Business analysis in the legal sector

You could be forgiven for thinking there is no such thing as business analysis in the legal sector. While there are now many BAs working in the industry, you won’t often hear them spoken about. The BA role rarely gets a mention in the Legal industry press, is often narrowly limited in its remit and deployment, and now faces stiff competition from new and exciting roles growing up in the burgeoning ‘LegalTech’ sector.

In this post, I’ll look at the challenges the BA profession faces in the legal sector, where these come from, and what could be changed to unlock the full value of the role.

An image showing two people meeting and looking at a laptop. Perhaps this is an example of business analysis in the legal sector?

What’s the problem?

For much of my career as a business analyst, I’ve worked in the legal sector. In 2007, a forward-thinking IT Development Manager took a chance on me (coming as I did from Financial Services), and I found myself as the sole BA at a Bristol law firm. As it turned out, I was one of the very few BAs working in the legal sector at that time.

Since then, I’ve seen more and more law firms engage business analysts. Most firms of any significant size are now likely to have at least one. According to IIBA UK’s 2020 survey, the legal sector now employs around 2% of the nation’s BAs! Yet it seems the role has yet to achieve its full potential in terms of value generation or recognition. I believe there are a number of indicators that demonstrate this:

Business analysis in the legal sector is limited to IT projects

This issue is a pet peeve of mine!

Business analysis is a lot more than just gathering IT system requirements, and yet business analysis in the legal sector is almost always based in the IT department. Rather than being a tool for the firm as “customer”, the role functions as a buffer for the “supplier” – IT. There are a whole host of activities within the role that BAs in legal will rarely be invited to perform – strategic analysis, problem exploration and definition, process and service design, solution evaluation (including business case development), benefits management: the list goes on!

As an added challenge, BAs are frequently kept away from much of the actual legal activity performed by lawyers. They will instead be tasked with projects that deal with supporting operations such as document management, billing, or implementing a new CRM. On the occasions that BAs are brought in to look at legal operations, they will often be treated as “order takers”, and expected to simply translate requests into system requirements.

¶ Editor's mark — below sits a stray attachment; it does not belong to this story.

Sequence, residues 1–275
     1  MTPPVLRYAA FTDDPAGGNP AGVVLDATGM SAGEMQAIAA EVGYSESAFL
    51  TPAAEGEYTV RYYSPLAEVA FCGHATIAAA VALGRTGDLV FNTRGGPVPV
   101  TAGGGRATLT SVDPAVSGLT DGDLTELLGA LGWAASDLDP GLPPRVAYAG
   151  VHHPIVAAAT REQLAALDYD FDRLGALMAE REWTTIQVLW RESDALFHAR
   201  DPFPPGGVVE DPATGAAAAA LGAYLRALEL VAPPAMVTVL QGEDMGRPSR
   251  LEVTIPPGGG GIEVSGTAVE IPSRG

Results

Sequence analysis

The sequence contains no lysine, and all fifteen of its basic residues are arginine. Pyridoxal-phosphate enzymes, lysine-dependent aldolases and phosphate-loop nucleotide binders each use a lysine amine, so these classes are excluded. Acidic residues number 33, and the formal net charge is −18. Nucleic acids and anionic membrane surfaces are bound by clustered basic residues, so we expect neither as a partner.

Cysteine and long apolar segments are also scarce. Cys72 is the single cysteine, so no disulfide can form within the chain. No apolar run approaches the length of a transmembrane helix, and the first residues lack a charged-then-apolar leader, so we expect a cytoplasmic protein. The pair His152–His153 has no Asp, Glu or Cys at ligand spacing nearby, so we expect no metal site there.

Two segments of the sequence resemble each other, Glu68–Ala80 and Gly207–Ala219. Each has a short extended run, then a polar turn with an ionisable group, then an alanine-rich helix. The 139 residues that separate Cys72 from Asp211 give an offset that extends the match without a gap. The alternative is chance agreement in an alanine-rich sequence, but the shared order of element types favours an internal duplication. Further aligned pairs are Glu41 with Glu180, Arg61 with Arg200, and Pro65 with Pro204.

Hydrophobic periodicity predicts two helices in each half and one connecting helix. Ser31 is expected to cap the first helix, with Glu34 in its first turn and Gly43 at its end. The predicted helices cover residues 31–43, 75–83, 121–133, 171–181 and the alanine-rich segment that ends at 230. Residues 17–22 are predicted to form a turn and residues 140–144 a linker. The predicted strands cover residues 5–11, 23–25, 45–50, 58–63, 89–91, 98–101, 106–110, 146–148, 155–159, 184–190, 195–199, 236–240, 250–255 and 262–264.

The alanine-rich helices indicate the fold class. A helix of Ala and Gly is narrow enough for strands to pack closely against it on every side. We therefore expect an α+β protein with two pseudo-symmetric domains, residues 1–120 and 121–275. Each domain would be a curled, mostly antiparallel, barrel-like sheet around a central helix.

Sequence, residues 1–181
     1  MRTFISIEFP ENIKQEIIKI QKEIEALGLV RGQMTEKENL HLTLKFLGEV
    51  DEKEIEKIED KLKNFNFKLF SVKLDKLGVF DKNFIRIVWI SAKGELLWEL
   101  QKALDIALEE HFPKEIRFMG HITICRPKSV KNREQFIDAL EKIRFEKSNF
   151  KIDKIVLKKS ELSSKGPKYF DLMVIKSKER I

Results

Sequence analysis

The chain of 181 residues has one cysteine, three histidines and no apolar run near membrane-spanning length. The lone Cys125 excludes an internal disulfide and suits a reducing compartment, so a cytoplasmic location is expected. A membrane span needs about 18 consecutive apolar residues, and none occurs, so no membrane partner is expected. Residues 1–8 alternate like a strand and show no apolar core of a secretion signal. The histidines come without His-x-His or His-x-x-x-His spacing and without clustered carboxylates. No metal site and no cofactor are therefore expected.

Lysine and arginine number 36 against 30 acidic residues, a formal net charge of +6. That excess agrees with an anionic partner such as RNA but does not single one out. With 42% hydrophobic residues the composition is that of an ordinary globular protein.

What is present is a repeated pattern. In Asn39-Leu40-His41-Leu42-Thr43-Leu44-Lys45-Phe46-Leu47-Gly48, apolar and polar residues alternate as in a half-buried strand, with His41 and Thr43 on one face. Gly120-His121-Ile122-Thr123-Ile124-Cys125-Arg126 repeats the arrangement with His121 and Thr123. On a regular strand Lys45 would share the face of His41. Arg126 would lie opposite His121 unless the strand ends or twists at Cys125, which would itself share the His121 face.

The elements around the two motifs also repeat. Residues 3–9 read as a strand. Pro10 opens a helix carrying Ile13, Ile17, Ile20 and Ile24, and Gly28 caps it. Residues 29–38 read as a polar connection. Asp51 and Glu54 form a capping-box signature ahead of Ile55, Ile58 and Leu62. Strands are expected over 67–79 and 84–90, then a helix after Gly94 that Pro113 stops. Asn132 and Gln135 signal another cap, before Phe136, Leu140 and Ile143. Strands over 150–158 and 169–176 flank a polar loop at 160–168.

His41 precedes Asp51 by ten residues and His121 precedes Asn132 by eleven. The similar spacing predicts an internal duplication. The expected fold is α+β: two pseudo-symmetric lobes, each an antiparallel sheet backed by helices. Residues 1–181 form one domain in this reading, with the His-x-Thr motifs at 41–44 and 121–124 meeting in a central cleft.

As a profession, we actually come armed with approaches, tools and knowledge to get stuck into the detailed workings of legal processes. Firms can unlock real value by directing their BAs to work with lawyers on the things their customers are paying for!

Off-the-shelf-products don’t encourage out-of-the-box thinking

Many of the systems used within law firms are bought “off the shelf” and then configured or customised. These include practice management, time recording, document management, CRM, digital dictation, and knowledge management. For the majority of these, firms will either adapt their ways of working to the new system, or they’ll pay the supplier to tailor the system to the firm’s needs.

Rarely will a business analyst be tasked with facilitating a root-and-branch re-design of the business processes in question – and senior stakeholders may have no idea that they could ask for this support. If the firm is lucky, the new software forces some best practice ways of working.

The one area that BAs may get involved in process design is in the development of case management workflows. Many large law firms will have teams dealing with high-volume, low-value cases (such as whiplash claims), and will essentially put the legal process “on rails” with workflow tools. As mentioned above, BAs are not often being invited to think creatively here – instead they are called upon to simply document designs.

Immature business change practices

While there has definitely been a maturity growth in IT development practices – particularly with some strides towards Agile practices – wider business change practices are a long way behind other industries. This means business analysis in the legal sector lacks the rigorous contextual setting that comes with mature change practices.

Some of this may in part be down to the structure of law firms. Most law firms have a partnership structure, and while they may elect a Managing Partner or other leadership roles, the command-and-control structures are rather more nebulous than say, an insurer or a bank. Decision-making requires more consensus-building among the owners, and therefore strategic planning is often less straightforward.